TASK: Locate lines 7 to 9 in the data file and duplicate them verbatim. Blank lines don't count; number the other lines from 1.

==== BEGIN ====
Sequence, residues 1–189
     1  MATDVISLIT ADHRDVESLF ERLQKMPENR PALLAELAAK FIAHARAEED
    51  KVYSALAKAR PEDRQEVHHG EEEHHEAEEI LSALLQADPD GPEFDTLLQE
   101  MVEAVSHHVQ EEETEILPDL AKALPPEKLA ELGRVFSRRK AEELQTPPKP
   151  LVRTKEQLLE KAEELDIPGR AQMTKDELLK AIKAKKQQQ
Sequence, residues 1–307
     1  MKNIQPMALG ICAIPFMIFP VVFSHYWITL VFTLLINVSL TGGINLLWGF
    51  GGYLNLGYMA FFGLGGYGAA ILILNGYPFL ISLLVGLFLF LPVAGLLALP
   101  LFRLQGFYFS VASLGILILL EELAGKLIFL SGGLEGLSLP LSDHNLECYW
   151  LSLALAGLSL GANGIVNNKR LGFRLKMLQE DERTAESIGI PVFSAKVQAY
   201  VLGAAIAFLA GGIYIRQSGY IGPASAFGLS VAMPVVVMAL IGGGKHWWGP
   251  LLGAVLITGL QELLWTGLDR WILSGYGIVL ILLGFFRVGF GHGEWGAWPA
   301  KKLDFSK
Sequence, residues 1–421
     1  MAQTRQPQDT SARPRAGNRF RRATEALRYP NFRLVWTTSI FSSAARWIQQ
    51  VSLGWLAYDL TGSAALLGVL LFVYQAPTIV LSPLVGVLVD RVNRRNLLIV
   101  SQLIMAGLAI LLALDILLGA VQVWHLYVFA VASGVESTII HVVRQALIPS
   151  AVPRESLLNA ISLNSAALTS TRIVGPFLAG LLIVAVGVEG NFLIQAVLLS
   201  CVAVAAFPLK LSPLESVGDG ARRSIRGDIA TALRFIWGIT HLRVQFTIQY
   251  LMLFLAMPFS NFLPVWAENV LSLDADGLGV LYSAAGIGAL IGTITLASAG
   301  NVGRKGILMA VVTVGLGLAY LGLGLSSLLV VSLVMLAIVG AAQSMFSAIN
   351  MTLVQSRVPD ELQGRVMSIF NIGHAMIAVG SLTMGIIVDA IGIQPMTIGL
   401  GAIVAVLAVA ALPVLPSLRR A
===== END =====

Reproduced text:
     1  MKNIQPMALG ICAIPFMIFP VVFSHYWITL VFTLLINVSL TGGINLLWGF
    51  GGYLNLGYMA FFGLGGYGAA ILILNGYPFL ISLLVGLFLF LPVAGLLALP
   101  LFRLQGFYFS VASLGILILL EELAGKLIFL SGGLEGLSLP LSDHNLECYW